Lectures

Lectures


Reading the Genome Sequence using Neural Networks: Introduction
Reading the Genome Sequence using Neural Networks: Improving Resolution, Interpretability and Accuracy


Mathematics for Deep Learning 2/2
Mathematics for Deep Learning 1/2


Introduction to Deep Learning 1/6

Introductory course on deep learning methods and algorithms.

Legend
T: theory (slides and animations)
P: practice (Jupyter Notebooks)
Introduction and motivation.
T) Learning paradigms: supervised, unsupervised, and reinforcement learning
P) Getting started with the tools: Jupyter notebook, PyTorch tensors and auto differentiation
Introduction to Deep Learning 2/6

Introductory course on deep learning methods and algorithms.

Legend
T: theory (slides and animations)
P: practice (Jupyter Notebooks)
Classification and regression.
T+P) Neural net’s forward and backward propagation for classification and regression
Introduction to Deep Learning 3/6

Introductory course on deep learning methods and algorithms.

Legend
T: theory (slides and animations)
P: practice (Jupyter Notebooks)
Energy-based models.
T) Latent variable generative energy-based models (LV-GEBMs) part I: foundations
Introduction to Deep Learning 4/6

Introductory course on deep learning methods and algorithms.

Legend
T: theory (slides and animations)
P: practice (Jupyter Notebooks)
Geometric deep learning (grid and set).
T+P) Convolutional neural nets improve performance by exploiting data nature
Introduction to Deep Learning 5/6

Introductory course on deep learning methods and algorithms.

Legend
T: theory (slides and animations)
P: practice (Jupyter Notebooks)
Geometric deep learning (grid and set).
T+P) Recurrent nets natively support sequential data
T+P) Self/cross and soft/hard attention: a building block for learning from sets
Introduction to Deep Learning 6/6

Introductory course on deep learning methods and algorithms.

Legend
T: theory (slides and animations)
P: practice (Jupyter Notebooks)
Generative models.
T+P) LV-GEBMs part II: autoencoders, adversarial nets


Voting: axiomatic and algorithmic challenges
The goal of this lecture is to offer a general introduction to preference aggregation, desiderata for voting rules and computational complexity of classic preference aggregation problems.
Voting over restricted preference domains
In this lecture we discuss domain restrictions that make voting-related problems computationally tractable and avoid some of the classic social choice paradoxes. We focus on the classic domain on single-peaked preferences and consider the complexity of preference elicitation and learning the preference structure.


Towards Developmental Machine Learning

By and large, most studies of machine learning and pattern recognition are rooted in the framework of statistics. This is primarily due to the way machine learning is traditionally posed, namely by a problem of extraction of regularities from a sample of a probability distribution. This lecture promotes a truly different way of interpreting the learning of that relies on system dynamics. We promote a view of learning as the outcome of laws of nature that govern the interactions of intelligent agents with their own environment.This leads to an in-depth interpretation of causality along with the definition of the principles and the methods for learning to store events without their long-term forgetting that characterize state of the art technologies in recurrent neural networks. Finally, we reinforce the underlying principle that the acquisition of cognitive skills by learning obeys information-based laws based on variational principles, which hold regardless of biology.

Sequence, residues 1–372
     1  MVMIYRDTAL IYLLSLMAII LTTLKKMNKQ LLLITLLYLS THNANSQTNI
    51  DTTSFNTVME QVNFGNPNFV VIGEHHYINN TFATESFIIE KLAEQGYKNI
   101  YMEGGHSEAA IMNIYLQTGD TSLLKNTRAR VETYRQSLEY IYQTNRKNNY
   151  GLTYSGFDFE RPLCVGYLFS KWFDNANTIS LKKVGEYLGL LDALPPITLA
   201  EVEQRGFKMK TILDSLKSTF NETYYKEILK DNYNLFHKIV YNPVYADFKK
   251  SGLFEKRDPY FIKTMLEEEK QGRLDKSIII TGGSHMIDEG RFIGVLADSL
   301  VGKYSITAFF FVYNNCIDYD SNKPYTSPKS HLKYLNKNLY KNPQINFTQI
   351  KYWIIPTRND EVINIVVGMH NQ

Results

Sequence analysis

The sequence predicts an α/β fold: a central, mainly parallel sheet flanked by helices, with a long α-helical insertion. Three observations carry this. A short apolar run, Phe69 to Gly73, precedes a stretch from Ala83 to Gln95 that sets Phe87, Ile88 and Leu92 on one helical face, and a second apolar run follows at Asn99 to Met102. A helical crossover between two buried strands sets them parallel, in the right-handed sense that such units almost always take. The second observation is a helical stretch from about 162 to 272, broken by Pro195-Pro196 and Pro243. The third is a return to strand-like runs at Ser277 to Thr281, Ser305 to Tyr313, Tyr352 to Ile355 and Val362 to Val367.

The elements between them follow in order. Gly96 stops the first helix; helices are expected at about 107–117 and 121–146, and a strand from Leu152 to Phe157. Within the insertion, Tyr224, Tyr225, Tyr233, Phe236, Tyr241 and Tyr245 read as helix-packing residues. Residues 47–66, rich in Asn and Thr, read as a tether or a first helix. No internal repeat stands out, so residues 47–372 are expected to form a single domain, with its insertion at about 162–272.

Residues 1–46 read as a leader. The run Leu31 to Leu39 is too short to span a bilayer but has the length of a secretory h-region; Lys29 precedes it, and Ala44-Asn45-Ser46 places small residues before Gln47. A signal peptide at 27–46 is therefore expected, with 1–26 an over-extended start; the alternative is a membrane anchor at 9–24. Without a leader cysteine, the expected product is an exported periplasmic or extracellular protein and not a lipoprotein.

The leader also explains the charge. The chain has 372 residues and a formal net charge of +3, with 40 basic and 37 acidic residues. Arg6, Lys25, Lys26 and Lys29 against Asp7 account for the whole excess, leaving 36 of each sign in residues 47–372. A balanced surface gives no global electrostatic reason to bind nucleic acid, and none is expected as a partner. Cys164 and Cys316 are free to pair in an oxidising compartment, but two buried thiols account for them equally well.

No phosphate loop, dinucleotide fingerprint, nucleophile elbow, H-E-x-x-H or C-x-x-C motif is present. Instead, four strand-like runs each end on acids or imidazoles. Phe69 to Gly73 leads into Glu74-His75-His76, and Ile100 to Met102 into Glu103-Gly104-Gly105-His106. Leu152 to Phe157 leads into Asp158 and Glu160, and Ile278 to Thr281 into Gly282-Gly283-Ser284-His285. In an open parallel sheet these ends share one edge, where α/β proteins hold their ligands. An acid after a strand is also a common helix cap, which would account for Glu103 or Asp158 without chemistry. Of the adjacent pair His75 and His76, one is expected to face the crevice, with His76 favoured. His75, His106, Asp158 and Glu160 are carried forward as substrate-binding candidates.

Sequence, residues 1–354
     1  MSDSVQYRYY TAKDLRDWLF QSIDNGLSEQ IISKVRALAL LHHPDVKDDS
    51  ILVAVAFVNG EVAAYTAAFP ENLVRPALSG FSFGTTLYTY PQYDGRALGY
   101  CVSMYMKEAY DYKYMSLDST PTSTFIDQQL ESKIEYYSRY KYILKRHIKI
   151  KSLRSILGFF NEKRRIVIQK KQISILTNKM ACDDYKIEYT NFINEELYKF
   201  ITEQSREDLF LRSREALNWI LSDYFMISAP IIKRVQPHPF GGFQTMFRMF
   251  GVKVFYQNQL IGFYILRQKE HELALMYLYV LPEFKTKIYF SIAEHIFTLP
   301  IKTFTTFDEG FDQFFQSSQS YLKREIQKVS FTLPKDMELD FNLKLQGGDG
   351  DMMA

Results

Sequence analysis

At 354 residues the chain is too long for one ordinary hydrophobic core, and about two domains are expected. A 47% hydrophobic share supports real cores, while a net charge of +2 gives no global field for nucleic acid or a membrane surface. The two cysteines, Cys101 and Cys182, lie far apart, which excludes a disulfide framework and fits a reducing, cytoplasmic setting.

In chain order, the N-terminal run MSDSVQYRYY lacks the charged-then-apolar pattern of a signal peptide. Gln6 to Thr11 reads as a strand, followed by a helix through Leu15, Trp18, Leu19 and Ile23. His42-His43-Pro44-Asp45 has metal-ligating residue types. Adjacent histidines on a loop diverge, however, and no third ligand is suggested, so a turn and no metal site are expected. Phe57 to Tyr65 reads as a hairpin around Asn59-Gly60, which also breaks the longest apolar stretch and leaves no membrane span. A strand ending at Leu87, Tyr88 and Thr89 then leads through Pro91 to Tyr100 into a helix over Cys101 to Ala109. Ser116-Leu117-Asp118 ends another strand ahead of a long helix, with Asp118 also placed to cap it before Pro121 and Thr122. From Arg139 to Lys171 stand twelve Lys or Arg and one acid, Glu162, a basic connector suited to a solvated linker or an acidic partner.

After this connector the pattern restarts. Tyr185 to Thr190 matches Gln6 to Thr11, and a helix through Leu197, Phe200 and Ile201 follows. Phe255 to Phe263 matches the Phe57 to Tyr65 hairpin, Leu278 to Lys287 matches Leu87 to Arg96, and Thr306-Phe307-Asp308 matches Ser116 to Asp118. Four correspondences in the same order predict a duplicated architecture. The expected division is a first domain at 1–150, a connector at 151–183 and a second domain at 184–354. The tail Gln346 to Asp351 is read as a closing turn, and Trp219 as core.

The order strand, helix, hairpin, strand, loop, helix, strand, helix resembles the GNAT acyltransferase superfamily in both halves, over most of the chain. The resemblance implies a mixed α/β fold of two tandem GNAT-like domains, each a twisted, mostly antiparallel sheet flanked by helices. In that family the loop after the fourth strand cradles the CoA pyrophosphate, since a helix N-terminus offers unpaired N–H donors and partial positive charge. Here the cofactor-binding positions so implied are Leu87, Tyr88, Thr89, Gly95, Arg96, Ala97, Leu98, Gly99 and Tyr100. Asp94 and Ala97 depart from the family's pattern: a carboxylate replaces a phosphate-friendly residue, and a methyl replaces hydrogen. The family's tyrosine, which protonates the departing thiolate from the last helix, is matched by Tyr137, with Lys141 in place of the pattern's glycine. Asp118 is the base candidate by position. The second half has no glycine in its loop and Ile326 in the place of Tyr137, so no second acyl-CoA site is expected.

State representation learning and evaluation in robotic interaction tasks

Efficient representations of observed input data have been shown to significantly accelerate the performance of subsequent learning tasks in numerous domains. To obtain such representations automatically, we need to design both i) models that identify useful patterns in the input data and encode them into structured low dimensional representations, and ii) evaluation measures that accurately assess the quality of the resulting representations. We present work that addresses both these requirements. We present a short overview of representation learning techniques and different structures that can be imposed on representation spaces.  We show into how these can be applied in complex robotics tasks considering physical interaction with the environment.



AI as a Tool for Investigating Human Intelligence 1/2

Artificial intelligence has a great potential to uncover the underlying mechanisms of human intelligence. Neural networks inspired by the brain can simulate how humans acquire cognitive abilities and thus reveal what enables/disables cognitive development. My lecture introduces a neuroscience theory called predictive coding. We have been designing neural networks based on predictive coding and investigating to what extent the theory accounts for cognitive development. The key idea is that the brain works as a predictive machine and perceives the world and acts on it to minimize prediction errors. Our robot experiments demonstrate that the process of minimizing prediction errors leads to sensorimotor and social cognitive development and that aberrant predictive processing produces atypical development such as developmental disorders. We discuss how these findings facilitate the understanding of human intelligence and provide a new principle for cognitive development.

AI as a Tool for Investigating Human Intelligence 2/2